Bennetts Compact Holly help

Asked April 30, 2019, 3:09 PM EDT

I have several Bennetts Compact Holly shrubs (Japanese holly) that are well established (10 years). Last fall one of them developed what I think was leaf spot and despite treating with fungicide it died. I transplanted one of my other hollies to replace it, but it also developed leaf spot and died within weeks. I thought I might fare better in spring, so 2 weeks ago I transplanted another holly to the empty spot and after a week it developed brown spots on the leaves and now they are turning completely brown. I did not see any signs of root rot when I removed the dead hollies and I thoroughly cleaned up the area before transplanting. Can you tell me if this is leaf spot or transplant shock or some other problem? Is there anything I can do to save this holly? Thanks!

Worcester County Maryland

5 Responses

Japanese holly decline and die mostly because of root rot not from foliar leaf spot diseases. In those ten years that they have been planted has anything changed around them? Have you always used the stone mulch? Last year into this past winter we had a record amount of rainfall keeping soils wet. J.hollies do not like 'wet feet' and stone mulch will keep the soil even moister. The hollies in your photo do not look like they can be saved. Testing the soil to check the pH may be a good idea.
The following is information on soil testing from our website,


Nothing has changed around the hollies and I have always used stone mulch. I have included a picture showing a wider view of the area and the surrounding hollies that are still thriving. Besides testing the soil, what can I do to "fix" this area so that I can plant another Japanese holly in this spot and not have it succumb to root rot? Thanks for your help!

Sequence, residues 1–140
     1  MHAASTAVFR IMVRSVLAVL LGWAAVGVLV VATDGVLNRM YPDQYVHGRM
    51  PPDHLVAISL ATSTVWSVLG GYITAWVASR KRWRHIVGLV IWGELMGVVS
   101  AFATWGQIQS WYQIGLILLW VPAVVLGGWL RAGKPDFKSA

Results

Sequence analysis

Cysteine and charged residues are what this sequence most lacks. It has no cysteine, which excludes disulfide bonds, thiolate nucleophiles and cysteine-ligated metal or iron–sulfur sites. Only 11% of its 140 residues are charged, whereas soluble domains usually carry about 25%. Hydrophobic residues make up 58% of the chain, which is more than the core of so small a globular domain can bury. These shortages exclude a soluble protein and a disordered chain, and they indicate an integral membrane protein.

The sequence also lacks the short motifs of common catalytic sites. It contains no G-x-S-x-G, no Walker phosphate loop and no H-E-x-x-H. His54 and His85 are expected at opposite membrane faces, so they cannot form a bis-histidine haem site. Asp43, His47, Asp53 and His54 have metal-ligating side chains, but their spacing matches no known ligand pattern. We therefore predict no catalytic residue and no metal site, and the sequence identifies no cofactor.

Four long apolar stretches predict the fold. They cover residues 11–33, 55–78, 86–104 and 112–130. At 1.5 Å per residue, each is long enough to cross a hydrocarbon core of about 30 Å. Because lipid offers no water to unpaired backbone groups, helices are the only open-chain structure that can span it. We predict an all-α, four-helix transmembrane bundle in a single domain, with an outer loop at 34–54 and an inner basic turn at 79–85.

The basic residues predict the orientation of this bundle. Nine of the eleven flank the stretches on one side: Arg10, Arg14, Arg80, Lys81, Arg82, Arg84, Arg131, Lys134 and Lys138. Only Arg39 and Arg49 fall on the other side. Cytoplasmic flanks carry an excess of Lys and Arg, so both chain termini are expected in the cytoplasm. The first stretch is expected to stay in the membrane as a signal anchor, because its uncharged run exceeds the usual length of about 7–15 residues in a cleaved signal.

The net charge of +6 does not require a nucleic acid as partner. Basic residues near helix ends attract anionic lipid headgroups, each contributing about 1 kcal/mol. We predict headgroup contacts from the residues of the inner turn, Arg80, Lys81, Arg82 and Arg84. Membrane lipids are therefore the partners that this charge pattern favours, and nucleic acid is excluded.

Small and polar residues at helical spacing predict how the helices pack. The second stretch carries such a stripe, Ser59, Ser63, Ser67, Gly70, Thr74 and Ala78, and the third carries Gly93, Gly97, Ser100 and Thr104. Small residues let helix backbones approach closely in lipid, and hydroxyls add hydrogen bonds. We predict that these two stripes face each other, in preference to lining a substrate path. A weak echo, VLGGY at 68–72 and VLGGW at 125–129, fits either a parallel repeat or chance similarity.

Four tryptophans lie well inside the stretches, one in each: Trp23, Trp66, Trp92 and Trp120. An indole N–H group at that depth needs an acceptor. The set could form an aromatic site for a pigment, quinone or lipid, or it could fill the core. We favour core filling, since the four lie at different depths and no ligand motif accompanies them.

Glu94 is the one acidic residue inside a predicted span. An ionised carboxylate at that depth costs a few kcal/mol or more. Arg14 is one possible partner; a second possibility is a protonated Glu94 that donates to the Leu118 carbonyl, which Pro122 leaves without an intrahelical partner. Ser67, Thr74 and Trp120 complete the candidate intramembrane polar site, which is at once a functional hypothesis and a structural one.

We do not recommend planting another Japanese holly in that area. There is likely a drainage issue and disease inoculum in the soil there that these type of plants are susceptible to.

What is the utility marking and cover there? Any issues with that?


The utility marking is for the water main shutoff and was marked prior to me digging in the area. There are no current issues with that. However 3 years ago I had to have the shut off replaced- although they did not remove my holly to do it perhaps it caused the soil to settle and affected the drainage of the area around my holly.
Is there any way I could fix the drainage issue? Perhaps adding good draining soil to build up that area to help the water drain better?
If I am able to fix the drainage issue, could I replant another Holly there? I have the same Hollies on either side of the dying one and they are thriving so the disease inoculum is not affecting them. Thanks for your help!

Drainage can be improved by filling low areas with topsoil. Grade the filled-in depression so that water will not stagnate. If you decide to replant a Japanese holly there, you might try placing it 12-18" away from where the current one is planted -- again to avoid any possible infection if there is root rot inoculum present in the soil. We cannot make any guarantees that a new Japanese holly will not have the same issue. Sometimes fungal root rot pathogens can come in on nursery stock. You can amend the soil, test a sample (Japanese hollies like a soil pH between 5.0 and 6.5) and then try again.